2. Can my aging loved one travel alone or should I hire a travel companion? Some aging adults are unable to travel on their own due to medical reasons. Travel assistance provides your elderly loved one with personal support from a trained medical professional in case of an emergency. There are many companies offering travel companion programs and they can accommodate a wide variety of care needs. It's important to call around and do your own research before hiring a travel companion for your aging loved one. Along with companionship for the journey, travel companions can assist with airport check-in and ticketing, medication reminders, ground transportation, and more. Consider checking with your loved one's primary care physician for a referral.
  3. Are there any other barriers preventing my aging loved one from traveling? The most common barrier for the elderly to overcome when traveling is fear of the unfamiliar. If your loved one hasn't traveled in a while, they may not know what to expect. For aging adults, being removed from their surroundings can be a bit unnerving. Be sure to clearly explain to them what they can expect during the trip and when they arrive at your house for the holidays. Suggesting they carry along with them something sentimental from their environment may help to alleviate anxiousness of the unknown. The important thing is to identify these barriers early so that you have plenty of time to work through them with your loved one.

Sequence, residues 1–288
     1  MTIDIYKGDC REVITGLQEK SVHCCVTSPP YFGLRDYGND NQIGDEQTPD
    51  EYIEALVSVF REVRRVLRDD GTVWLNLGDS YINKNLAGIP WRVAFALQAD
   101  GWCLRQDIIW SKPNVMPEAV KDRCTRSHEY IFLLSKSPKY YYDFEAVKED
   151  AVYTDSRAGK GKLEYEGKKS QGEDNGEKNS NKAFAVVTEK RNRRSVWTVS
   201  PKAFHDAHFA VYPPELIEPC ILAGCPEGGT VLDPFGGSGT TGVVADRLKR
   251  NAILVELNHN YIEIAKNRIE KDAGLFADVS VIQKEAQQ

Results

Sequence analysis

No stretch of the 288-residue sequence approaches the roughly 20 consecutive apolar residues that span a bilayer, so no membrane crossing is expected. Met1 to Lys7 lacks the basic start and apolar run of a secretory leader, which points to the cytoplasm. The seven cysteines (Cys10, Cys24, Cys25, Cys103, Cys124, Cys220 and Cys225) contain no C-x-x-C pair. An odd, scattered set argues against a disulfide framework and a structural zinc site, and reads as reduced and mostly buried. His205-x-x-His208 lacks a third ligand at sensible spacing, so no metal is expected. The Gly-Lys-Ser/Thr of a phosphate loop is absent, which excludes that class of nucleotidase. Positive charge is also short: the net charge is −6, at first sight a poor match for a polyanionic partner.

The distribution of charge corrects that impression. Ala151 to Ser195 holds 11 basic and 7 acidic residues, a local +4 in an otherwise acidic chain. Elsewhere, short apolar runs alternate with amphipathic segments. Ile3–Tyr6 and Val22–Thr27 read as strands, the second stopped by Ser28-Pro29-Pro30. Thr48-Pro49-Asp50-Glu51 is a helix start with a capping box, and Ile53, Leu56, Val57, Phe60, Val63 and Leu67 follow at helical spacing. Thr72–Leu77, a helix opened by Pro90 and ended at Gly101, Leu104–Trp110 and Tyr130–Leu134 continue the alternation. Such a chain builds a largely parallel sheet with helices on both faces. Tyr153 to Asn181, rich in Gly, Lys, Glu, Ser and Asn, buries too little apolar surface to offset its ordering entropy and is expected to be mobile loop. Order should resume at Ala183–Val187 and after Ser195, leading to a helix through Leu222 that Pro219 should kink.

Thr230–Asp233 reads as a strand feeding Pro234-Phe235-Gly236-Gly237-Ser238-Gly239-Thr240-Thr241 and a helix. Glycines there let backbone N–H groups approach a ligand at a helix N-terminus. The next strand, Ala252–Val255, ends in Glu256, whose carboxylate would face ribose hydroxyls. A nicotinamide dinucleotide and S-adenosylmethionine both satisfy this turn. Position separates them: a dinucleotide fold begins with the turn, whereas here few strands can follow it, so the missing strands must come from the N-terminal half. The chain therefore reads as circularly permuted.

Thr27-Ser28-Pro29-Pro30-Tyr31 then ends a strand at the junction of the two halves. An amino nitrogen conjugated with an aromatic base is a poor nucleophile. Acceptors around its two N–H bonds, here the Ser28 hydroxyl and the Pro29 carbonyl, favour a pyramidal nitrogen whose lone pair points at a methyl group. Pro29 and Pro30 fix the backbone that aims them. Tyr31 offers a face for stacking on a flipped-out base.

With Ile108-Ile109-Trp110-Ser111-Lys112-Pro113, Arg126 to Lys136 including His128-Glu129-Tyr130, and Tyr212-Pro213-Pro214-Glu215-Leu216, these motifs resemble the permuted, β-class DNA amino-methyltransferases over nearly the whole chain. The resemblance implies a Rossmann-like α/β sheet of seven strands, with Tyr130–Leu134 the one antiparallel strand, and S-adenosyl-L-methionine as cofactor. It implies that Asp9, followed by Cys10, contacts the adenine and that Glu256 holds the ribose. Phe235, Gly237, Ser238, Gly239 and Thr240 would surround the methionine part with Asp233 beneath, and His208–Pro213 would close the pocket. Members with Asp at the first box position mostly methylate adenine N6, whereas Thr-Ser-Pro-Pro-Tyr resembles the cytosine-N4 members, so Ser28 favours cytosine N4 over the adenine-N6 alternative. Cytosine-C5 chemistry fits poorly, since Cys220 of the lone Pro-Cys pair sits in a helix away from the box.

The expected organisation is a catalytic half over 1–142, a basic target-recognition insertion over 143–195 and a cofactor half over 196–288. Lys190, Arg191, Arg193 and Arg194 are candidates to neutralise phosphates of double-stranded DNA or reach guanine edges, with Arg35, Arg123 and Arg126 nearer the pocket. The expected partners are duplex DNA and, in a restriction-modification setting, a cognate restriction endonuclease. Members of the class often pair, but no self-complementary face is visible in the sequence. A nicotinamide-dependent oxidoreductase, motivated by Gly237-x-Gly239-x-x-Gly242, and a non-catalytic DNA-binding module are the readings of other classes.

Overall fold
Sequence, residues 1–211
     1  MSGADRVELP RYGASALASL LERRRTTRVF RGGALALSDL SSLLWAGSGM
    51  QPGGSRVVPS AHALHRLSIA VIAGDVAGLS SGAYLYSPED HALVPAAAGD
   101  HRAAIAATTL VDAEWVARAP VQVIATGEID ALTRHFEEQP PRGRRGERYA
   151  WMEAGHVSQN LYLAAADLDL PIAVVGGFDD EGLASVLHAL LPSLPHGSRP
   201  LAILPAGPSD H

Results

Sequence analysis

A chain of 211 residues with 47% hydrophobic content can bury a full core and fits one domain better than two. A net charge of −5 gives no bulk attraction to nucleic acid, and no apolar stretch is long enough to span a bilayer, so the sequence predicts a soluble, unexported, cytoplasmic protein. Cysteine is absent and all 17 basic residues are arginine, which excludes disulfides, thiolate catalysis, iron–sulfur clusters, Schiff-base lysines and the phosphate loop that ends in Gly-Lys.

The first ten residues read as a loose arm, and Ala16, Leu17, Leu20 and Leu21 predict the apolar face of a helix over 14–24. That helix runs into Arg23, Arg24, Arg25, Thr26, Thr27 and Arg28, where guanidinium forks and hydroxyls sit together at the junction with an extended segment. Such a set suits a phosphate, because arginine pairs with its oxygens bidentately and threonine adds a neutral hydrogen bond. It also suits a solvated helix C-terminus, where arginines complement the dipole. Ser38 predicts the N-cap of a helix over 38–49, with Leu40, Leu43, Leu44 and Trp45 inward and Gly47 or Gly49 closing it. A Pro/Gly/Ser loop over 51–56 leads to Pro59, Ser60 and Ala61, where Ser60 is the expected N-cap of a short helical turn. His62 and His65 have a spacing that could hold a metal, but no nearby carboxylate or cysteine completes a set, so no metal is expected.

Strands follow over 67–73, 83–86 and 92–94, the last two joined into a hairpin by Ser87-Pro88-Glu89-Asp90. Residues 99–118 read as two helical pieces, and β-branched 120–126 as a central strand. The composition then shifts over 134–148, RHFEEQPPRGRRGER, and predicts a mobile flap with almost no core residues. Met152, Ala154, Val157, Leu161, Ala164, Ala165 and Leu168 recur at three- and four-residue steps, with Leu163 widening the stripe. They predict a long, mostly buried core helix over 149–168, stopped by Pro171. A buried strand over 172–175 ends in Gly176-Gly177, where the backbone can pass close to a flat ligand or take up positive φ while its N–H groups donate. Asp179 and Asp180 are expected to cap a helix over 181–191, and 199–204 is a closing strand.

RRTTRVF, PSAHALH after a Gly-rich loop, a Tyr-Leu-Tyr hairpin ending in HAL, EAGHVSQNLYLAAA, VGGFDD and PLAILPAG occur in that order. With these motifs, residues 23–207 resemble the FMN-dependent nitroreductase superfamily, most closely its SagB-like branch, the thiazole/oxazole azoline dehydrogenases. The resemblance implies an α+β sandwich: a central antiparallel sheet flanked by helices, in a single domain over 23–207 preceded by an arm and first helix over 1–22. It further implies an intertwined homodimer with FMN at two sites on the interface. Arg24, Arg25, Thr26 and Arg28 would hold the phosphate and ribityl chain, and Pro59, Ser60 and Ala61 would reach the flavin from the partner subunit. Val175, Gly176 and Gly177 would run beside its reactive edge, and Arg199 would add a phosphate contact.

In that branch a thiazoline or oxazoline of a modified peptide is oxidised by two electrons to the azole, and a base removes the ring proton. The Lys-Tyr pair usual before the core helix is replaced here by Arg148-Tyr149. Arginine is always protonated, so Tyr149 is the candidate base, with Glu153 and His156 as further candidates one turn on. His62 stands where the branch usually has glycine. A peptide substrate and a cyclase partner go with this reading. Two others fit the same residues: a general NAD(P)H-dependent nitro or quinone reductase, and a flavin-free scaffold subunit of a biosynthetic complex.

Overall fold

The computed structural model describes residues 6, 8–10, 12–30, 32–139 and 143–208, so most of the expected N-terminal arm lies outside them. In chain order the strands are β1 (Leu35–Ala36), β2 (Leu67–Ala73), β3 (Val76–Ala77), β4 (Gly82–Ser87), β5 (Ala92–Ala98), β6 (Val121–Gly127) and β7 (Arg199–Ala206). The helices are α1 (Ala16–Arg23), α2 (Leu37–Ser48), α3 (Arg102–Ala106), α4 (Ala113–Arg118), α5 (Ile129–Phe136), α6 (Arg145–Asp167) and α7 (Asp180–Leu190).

Engaging Aging Adults with Holiday Activities

Have you consider guests of all ages when planning the holiday activities? Because the holidays are a great time for intergenerational learning, mingling, and fun, making sure everyone enjoys their time is important.

  1. Almost no holiday gathering is complete without board games. Look for basic games the young and old will enjoy playing. Games like Candyland, Sorry, and Chutes and Ladders are sure to bring out the kid in everyone.
  2. If you own a Wii, there's no better time to break it out and show off your skills. Wii tournaments make for great family entertainment and the best part is that older adults can partake in it too. After all, a little bit of competitiveness between loved ones never hurts.
  3. Don't forget the family photos. Everyone loves stepping back in time reminiscing over past memories. Reminiscing is also a great activity for aging adults, especially those with dementia and memory loss. It's been proven to increase well-being and serves as a great tool for bringing the generations together. “Each time an individual tells part of his/her life story, those who listen are like a mirror, reflecting and affirming their lives,” says John Kunz, Founder, International Institute of Reminiscence and Review.

For more helpful tips, check out the resources section of our website.

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About Presbyterian Senior Living

Presbyterian Senior Living is a not-for-profit organization, fulfilling its charitable purpose and mission by providing high quality retirement choices, healthcare services and affordable residential living options for people 55 and older for more than 85 years. Headquartered in Dillsburg, Pennsylvania, Presbyterian Senior Living provides services to approximately 6,000 seniors in 30 locations in the mid-Atlantic region of Pennsylvania, Maryland, Ohio and Delaware.